Unfortunately, any type of joint injury can interrupt our position sense. Complaints about a knee or ankle feeling 'loose' after an injury are common, even after the joint has seemingly recovered from injury. In these cases, proprioception has been interrupted. A reduced sense of joint position puts us at an increased risk of re-injury. It also interferes with our performance in sport.
Research has shown that the longer athletes remain unable to compete, the greater the loss of proprioception. After injuries to joints like the ankle or knee, time must be spent rehabilitating this sense of joint position. Balance exercises that gradually increase in difficulty can help.
A Canadian physiotherapy team found that balance board training is a very important tool in rehabilitation. Use of the board improves leg and thigh muscle strength more than a series of gym weight machine exercises. A landmark study by a Scandinavian research team found that a six-week program of balance training, completed by soccer players with long-term ankle problems, prevented repeat ankle injuries in these players.
Proprioception training has also been shown to ward off various types of joint injuries. A study of over 900 European soccer players found that balance exercises helped prevent future ACL (knee ligament) tears.
Athletes are not the only ones who suffer from a loss of joint position sense. Those with other long-term joint conditions such as osteoarthritis also experience problems. Balance training can improve the stability of a joint. With the right program, the pain and inflammation of osteoarthritic joints can be reduced.
Doing these exercises is like learning to swim. You do not just jump in the ocean and start swimming. You must begin in the shallow end of a swimming pool and practice in a controlled environment first. When doing a proprioceptive rehabilitation program, be aware of your ankle or knee in relation to the rest of your body. You must always be in control of these joints.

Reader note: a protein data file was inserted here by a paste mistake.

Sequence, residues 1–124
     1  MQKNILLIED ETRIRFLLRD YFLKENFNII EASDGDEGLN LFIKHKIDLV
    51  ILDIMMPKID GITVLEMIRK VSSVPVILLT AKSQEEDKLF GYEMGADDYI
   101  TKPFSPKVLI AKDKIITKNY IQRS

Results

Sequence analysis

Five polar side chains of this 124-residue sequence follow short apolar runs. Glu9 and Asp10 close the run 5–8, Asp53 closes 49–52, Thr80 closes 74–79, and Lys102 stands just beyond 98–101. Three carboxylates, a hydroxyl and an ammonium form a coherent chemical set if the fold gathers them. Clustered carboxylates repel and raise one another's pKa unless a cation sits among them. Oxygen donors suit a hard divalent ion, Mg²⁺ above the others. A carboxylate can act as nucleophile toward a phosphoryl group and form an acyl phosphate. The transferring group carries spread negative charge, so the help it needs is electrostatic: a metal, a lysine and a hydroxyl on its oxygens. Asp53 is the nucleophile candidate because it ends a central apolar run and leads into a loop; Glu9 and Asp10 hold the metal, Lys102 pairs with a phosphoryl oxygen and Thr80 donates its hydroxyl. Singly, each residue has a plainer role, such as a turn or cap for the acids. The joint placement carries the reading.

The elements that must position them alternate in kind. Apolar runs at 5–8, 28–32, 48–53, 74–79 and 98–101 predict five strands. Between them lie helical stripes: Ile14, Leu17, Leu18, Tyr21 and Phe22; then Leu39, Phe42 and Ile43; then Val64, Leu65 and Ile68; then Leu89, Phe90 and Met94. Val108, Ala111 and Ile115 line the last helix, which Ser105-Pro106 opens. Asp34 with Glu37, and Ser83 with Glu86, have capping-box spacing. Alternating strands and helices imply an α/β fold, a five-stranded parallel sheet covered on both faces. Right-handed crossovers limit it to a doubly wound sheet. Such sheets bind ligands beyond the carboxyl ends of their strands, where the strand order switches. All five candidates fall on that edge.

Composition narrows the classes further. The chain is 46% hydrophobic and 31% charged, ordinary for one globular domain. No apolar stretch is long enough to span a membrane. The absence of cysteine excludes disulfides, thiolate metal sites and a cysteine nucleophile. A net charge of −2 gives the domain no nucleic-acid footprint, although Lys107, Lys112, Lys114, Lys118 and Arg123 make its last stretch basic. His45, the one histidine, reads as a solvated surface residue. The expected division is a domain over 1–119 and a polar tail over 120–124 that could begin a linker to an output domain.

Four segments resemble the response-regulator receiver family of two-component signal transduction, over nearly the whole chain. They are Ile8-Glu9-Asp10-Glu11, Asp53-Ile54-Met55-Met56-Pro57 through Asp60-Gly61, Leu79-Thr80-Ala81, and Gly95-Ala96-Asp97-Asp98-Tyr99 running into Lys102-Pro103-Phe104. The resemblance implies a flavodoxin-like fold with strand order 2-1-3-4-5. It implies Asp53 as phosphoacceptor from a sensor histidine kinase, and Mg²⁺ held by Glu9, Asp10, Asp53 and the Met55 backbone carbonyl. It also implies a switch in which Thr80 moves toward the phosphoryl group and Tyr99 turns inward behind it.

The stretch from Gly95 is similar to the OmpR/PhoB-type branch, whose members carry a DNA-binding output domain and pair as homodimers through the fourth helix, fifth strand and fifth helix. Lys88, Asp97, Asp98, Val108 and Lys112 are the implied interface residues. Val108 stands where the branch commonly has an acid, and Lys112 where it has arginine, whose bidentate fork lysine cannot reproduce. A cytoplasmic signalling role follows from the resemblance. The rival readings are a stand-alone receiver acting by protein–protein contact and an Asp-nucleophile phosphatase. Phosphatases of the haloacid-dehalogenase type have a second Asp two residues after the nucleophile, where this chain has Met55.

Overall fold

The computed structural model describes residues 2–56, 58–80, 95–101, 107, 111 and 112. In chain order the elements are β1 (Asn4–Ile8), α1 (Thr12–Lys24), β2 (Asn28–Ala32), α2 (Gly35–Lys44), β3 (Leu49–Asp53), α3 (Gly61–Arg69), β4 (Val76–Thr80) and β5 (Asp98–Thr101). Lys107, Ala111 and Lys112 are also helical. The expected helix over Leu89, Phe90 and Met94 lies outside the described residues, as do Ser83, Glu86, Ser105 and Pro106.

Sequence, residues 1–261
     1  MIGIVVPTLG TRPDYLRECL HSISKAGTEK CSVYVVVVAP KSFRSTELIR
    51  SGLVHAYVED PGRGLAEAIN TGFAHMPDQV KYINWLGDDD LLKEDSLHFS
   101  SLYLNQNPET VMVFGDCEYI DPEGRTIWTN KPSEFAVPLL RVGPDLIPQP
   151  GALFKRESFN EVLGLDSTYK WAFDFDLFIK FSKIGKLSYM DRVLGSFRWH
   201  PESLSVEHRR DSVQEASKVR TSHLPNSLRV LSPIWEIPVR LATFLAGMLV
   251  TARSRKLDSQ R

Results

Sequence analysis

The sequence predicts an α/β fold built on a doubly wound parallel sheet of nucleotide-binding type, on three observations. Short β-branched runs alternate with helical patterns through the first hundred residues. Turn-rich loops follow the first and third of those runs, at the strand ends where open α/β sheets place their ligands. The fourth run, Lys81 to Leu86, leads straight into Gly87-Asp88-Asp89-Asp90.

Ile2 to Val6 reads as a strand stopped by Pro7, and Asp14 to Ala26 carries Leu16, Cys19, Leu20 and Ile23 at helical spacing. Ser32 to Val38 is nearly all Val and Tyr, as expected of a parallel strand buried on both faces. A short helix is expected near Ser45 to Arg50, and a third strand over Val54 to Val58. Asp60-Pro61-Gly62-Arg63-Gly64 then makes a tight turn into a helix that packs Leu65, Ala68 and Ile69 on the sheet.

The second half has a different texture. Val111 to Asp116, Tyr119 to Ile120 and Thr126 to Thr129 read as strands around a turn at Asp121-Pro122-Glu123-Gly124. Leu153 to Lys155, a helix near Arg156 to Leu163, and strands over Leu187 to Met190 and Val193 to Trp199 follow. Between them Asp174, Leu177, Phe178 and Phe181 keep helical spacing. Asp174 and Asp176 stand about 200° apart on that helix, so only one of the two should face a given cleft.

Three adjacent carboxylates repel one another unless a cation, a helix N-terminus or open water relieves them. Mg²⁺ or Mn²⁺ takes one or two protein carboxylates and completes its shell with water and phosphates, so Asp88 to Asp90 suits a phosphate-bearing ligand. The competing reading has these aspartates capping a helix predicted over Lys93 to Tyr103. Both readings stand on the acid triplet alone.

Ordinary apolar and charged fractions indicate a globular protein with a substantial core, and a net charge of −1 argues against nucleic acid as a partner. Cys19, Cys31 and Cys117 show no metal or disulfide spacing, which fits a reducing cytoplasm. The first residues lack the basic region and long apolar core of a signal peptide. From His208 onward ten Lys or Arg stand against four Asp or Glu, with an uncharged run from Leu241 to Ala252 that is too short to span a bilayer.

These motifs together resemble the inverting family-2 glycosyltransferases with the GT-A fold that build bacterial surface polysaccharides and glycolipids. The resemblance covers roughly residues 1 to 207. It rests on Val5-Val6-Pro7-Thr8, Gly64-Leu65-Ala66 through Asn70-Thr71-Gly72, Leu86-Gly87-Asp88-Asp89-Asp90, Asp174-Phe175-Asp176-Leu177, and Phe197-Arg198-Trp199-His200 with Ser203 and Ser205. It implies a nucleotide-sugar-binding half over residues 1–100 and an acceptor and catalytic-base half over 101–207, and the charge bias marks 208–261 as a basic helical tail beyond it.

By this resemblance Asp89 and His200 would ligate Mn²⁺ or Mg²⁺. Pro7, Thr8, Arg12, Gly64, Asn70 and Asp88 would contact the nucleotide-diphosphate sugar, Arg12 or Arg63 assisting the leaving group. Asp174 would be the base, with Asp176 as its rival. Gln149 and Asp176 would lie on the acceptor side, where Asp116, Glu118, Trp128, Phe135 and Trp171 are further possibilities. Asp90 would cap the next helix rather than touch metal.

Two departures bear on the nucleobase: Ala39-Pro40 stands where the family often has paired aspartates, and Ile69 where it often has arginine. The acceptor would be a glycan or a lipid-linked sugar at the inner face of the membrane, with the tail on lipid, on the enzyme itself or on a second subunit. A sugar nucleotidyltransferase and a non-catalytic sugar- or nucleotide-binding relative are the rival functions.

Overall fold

Start on a stable surface. As the joint regains its sense and can be controlled, you can progressively challenge it. Next, try doing the same exercise on an unstable surface. After that, do the exercises with your eyes closed. Finally, add in dynamic activities such as kicking, throwing and catching.
The Rhomberg test is a simple check of your balance. To do it, stand on one leg without allowing your raised foot to touch your standing leg. Begin with your eyes open, and practice once or twice on each side. Then, looking straight ahead, close your eyes and try to keep your balance for 30 seconds. You fail if your raised leg touches either the ground or the standing leg; you also fail if you grab something with your arms.
Do the test three times and count the longest time you stayed balanced as your score. A full 30 seconds is a pass. If you didn't pass, practice the following exercises to improve your score.
A balance rehabilitation program should take between five and 20 minutes, three times per week. All the exercises require concentration and should be done at the beginning of your exercise program. Otherwise, the muscles surrounding the joint will be too tired to maintain control.
Use the program for about six weeks. After this, do the most challenging exercises for 10 minutes every five days to maintain your position sense.
After completing this balance-training program, you can begin adding sport-specific exercises. Your imagination is the only limiting factor. However, continue to focus on maintaining control of the position of your joints while doing the balance exercise. Advanced examples include kicking a soccer ball while standing on foam, hitting a golf ball while kneeling on a stability ball, or shooting a basketball while standing on a wobble board.
The website www.fitter1.com can provide you with more balance training tools.